Woodenbridge GC
by Alan Mahon, TurfPro's Ireland editor (Words & Pictures)
From Across The Irish Sea

For this edition of TurfPro I travelled to County Wicklow (a county known as The Garden of Ireland) to a beautiful golf course that is nestled in a tree lined valley with two rivers flowing in and around the course.


This course is Woodenbridge and it was once described as Ireland’s Augusta. It is indeed a beautiful course. It brings back fond memories to me as I used to play rounds of golf there when I was involved with the Golf Course Superintendents Association of Ireland. Back in those days it was usually early November when I would play the course with my greenkeeping coleagues. At that time of the year it was spectacular as the trees, which included oak, silver birch and mountain ash, displayed their vivid autumn colours. We would then retreat back to the clubhouse for the meal and prizegiving. What wonderful memories.


The clubhouse enjoys panoramic views across much of the course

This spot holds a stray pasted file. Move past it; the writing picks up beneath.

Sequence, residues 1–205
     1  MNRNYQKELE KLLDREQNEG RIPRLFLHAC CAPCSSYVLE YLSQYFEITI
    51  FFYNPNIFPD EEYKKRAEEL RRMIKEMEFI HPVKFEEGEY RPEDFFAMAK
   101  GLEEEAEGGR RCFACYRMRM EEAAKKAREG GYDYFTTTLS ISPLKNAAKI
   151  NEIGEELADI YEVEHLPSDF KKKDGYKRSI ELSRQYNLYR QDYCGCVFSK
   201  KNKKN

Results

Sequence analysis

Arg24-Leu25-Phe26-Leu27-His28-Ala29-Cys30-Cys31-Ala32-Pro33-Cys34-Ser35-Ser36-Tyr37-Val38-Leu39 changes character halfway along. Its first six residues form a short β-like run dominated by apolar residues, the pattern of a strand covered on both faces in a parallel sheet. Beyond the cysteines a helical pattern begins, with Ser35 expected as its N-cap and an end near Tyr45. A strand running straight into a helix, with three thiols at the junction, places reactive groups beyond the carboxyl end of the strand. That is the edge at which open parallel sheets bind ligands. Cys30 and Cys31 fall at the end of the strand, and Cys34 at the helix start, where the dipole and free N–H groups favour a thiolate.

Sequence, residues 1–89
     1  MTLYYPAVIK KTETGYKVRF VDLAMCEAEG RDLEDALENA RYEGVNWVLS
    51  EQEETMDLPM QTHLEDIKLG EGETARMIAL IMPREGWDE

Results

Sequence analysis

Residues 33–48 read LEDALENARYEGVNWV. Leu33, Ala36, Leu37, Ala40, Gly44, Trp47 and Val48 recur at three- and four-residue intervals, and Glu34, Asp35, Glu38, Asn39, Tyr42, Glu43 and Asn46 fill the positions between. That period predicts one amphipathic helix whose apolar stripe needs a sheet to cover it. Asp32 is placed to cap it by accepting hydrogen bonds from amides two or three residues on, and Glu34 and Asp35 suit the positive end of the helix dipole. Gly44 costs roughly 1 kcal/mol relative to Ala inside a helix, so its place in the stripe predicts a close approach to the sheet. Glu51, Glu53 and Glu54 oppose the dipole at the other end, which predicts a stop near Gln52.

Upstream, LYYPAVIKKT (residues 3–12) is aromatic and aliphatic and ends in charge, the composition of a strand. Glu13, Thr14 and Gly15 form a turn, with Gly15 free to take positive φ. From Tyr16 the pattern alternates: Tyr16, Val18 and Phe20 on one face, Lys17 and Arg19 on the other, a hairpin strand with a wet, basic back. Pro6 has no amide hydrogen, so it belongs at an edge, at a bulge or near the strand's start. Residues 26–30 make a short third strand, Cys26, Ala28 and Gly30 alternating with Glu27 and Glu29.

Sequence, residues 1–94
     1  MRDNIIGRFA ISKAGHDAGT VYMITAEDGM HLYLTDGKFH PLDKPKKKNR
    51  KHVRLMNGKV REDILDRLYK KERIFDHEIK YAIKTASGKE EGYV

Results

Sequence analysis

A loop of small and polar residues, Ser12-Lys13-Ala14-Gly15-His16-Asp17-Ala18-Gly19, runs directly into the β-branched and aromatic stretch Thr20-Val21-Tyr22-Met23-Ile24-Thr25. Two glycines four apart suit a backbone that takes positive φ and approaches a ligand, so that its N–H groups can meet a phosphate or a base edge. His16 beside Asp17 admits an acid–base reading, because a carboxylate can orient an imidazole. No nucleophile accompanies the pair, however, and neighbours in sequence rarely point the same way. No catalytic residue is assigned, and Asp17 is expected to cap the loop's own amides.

Woodenbridge is a very old club. It was established in 1884 as a nine hole course and is layed out on the flood planes of the rivers Aughrim and Avoca. The old nine holes were known as the links. It remained a nine-hole course until 1994 when the late Paddy Merrigan was commissioned to design the additional nine-hole layout and extend Woodenbridge to a Par 71, 18-hole course. The new holes were blended seamlessly and agelessly into the fabled original nine holes. The new nine holes were officially opened on the 3rd of June 1995. Merrigan subsequently upgraded the old nine holes in a most sensitive manner, keeping with the essence of this historic and beautiful place. There is also a driving range and practice green, which are located beside the car park. An interesting fact is that the first head greenkeeper back in 1884 was Paddy Doran, who is the great grandfather of the present head greenkeeper, Michael Doran.


The par three 4th hole


The club has approximately 650 members including Lena Tice, who is a former international cricket and current international hockey player and was part of the Irish hockey Olympic team in this year’s Olympic Games in Tokyo. To get the clubhouse and golf course you have to park your car in the car park. You then walk across the Dublin/Wexford railway line before walking on the steel bridge that crosses the River Avoca. When you do this you get to see the impressive clubhouse which gives you wonderful views across the course.


Before you get to the clubhouse you have to cross the railway line by foot